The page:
Stewarding business reinvention for high-quality growth

27th Annual Global CEO Survey China Report

  • Survey
  • March 27, 2024

PwC’s Annual Global CEO Survey, now in its 27th edition, offers valuable insights into the current macroeconomic trends through the lens of thousands of CEOs across the globe. This year’s survey, the largest to date, encompasses the insights of 4,702 CEOs, including 215 from the Chinese mainland and Hong Kong SAR.

Against the backdrop of China’s ongoing recovery from the past three years and the country’s green transition to meet its climate pledges, the China report explores how CEOs are recognising the pressing need for business reinvention and starting to embrace innovative solutions, such as generative AI, to transform their business models in the face of profound changes in the market. 


of Chinese mainland CEOs are highly optimistic about their revenue growth in the coming year


of Chinese CEOs believe their business will no longer be economically viable after a decade


of Chinese organisations have charted but not yet started to implement their climate action plan


of Chinese CEOs believe Generative AI will improve the quality of their company’s products and services

What do Chinese CEOs anticipate for the economy in a volatile market?

Despite recent economic hurdles that brought overall weaker corporate growth and revenues in China, Chinese companies remain cautiously optimistic about the country’s future and, to a lesser extent, their own prospects as well. This is greatly attributable to a slew of new economic policies by the government aiming at buoying market confidence and attracting foreign investments through the easing of market access for foreign companies. Although the effects of those measure have not yet translated into the economy, foreign companies are showing interest to renew their commitment to the Chinese market.

Concurrently, although Western economies and Japan remain major trade partners, we are observing a growing interest for Chinese companies to invest regionally in the RCEP and, to a lesser extent, in the BRI countries. Government policies have also been instrumental in incentivising more trade and investment in the region. This opens new expansion avenues for Chinese firms that may have not otherwise invested abroad and present attractive diversification options for the ones already operating internationally.

How are CEOs ensuring economic viability in the longer term?

In a continuation to last year’s trend, Chinese CEOs feel they are more than ever in need to rethink their business models in order for their companies to survive. The main drivers for change in China are government regulations, shifting consumer habits, and technological innovation, however we see demographics and climate related issues taking an increasingly important role in the need of Chinese businesses for transformation, highlighting the importance of these rising issues. The government has here again implemented new policies and regulations in order to address those underlying issues, creating new investment opportunities through incentives and easing loan policies.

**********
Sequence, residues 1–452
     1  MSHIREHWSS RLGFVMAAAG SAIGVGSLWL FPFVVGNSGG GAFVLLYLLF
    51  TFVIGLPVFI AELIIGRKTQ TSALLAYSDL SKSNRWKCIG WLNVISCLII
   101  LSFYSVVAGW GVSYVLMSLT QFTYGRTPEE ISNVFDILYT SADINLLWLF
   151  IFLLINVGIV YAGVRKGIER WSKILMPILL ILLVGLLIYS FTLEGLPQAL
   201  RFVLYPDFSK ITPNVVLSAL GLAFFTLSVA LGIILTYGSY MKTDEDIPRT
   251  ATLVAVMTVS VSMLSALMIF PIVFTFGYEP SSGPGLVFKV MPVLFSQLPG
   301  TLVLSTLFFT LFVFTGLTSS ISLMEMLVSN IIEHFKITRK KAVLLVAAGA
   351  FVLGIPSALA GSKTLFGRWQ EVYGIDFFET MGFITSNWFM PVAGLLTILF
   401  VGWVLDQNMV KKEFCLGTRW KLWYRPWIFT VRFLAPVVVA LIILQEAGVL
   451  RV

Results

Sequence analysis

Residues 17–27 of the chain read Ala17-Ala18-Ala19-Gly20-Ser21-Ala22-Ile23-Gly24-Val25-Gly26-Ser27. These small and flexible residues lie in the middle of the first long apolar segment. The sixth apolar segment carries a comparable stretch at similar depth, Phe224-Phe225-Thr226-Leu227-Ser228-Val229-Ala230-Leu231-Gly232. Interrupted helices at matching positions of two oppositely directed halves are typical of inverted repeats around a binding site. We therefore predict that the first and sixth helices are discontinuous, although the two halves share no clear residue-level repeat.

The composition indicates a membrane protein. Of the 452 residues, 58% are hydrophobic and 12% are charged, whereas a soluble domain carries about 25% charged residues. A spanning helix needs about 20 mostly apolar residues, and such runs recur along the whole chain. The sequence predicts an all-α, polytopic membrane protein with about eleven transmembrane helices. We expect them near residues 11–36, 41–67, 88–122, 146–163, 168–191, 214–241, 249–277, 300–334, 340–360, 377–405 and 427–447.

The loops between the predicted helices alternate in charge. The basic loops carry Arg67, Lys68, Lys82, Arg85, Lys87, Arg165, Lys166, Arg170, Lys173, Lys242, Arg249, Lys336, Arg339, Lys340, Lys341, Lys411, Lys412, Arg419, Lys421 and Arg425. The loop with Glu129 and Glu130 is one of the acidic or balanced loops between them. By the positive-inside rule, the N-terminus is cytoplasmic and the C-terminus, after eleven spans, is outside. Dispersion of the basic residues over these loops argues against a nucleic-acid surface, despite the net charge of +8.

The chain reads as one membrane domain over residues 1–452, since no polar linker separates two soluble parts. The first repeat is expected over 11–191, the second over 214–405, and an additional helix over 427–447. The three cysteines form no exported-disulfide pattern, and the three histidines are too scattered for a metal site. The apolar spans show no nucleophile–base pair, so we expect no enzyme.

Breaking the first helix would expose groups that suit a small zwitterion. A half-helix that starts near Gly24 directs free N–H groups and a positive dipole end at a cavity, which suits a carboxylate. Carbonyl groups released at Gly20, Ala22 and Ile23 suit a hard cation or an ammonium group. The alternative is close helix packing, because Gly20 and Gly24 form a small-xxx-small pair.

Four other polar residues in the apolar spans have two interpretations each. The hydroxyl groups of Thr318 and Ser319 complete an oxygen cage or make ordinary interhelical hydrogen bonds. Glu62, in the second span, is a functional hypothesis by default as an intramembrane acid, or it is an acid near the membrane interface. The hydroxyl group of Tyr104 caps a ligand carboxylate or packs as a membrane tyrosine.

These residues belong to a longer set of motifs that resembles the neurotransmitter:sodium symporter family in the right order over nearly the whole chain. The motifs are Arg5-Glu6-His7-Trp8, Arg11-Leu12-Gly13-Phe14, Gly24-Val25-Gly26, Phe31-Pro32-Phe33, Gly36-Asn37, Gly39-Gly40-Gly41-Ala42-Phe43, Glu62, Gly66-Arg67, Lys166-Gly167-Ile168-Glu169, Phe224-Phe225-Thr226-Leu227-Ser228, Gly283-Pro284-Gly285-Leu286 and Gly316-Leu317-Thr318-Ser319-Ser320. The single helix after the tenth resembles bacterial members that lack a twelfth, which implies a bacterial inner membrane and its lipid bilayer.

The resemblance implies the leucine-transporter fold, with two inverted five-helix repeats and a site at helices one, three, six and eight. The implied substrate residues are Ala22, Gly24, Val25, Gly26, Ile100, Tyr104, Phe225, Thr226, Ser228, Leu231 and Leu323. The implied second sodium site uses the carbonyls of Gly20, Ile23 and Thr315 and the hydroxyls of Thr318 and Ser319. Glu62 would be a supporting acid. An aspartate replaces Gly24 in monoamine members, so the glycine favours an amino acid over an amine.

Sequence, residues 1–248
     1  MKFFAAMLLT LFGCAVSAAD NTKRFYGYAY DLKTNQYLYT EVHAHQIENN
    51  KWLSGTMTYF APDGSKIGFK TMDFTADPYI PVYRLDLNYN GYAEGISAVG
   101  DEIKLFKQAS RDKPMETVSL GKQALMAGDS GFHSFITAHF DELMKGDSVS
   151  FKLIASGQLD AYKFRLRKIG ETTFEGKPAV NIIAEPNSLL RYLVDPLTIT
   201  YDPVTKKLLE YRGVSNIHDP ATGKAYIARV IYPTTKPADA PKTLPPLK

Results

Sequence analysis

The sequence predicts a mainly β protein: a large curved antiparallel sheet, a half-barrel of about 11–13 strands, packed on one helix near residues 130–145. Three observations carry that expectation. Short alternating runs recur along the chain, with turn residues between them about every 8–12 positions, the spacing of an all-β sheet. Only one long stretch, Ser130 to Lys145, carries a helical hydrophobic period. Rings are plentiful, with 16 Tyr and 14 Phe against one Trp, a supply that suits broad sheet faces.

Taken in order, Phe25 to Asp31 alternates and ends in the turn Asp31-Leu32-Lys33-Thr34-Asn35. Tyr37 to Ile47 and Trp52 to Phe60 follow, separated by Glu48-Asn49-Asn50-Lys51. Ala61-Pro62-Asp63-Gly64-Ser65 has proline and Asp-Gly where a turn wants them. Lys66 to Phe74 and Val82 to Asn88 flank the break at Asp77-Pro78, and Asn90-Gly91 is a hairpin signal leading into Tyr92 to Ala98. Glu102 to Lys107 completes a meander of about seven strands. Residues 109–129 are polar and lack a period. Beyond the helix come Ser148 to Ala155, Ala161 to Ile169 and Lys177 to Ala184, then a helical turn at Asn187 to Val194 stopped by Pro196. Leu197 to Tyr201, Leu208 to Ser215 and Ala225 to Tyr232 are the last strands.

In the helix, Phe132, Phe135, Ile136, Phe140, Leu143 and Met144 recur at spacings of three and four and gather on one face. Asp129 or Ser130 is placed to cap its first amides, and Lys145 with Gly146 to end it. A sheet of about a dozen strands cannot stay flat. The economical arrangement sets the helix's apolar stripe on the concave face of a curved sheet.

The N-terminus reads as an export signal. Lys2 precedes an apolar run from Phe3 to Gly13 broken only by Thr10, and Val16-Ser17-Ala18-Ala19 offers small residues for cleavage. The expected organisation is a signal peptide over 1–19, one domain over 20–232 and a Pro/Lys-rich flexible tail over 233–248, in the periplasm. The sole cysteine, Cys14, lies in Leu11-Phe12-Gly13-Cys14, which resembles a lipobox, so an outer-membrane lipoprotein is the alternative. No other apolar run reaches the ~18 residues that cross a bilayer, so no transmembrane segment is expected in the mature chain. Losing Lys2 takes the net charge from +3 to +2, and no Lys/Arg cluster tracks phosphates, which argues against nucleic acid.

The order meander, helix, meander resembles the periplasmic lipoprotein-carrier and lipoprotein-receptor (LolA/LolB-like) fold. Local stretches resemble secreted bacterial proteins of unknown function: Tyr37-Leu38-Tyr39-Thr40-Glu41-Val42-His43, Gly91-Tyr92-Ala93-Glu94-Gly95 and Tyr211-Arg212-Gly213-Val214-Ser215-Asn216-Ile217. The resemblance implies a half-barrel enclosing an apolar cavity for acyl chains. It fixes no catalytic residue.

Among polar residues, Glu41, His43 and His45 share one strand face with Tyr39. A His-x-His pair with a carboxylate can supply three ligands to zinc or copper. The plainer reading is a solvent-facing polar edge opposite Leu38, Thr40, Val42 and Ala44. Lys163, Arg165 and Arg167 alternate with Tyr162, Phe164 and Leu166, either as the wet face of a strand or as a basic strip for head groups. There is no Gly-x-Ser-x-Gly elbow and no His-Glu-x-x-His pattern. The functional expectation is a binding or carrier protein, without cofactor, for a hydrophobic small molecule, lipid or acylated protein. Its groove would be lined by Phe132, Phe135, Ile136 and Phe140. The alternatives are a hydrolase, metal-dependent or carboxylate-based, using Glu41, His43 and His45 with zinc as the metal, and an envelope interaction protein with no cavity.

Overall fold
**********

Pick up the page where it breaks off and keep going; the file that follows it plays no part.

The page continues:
Chinese CEOs are reporting on average they are conducting more actions than their global counterparts to reinvent their business. This highlights the keen awareness of Chinese CEOs of much needed transformational changes and a willingness to take any type of measures to undertake them. However, Chinese companies still experience major hurdles in transforming themselves, especially when it comes to government regulations, supply chain issues in a still restrictive trade environment, and the lack of support from certain stakeholders.

Are Chinese CEOs ready to manage the impact of climate change?

Despite declaring on average that they are being subject to climate related issues in a greater extent, Chinese companies haven’t implemented as many climate related actions than their global counterparts. Although there is a genuine interest in implementing green measures, timid growth and profit margins in recent years have stalled Chinese companies’ transformational investments, especially in ESG which often imply lower returns. This is in line with a broader sentiment that has stalled the progress of sustainable investments around the world on the face of international economic headwinds.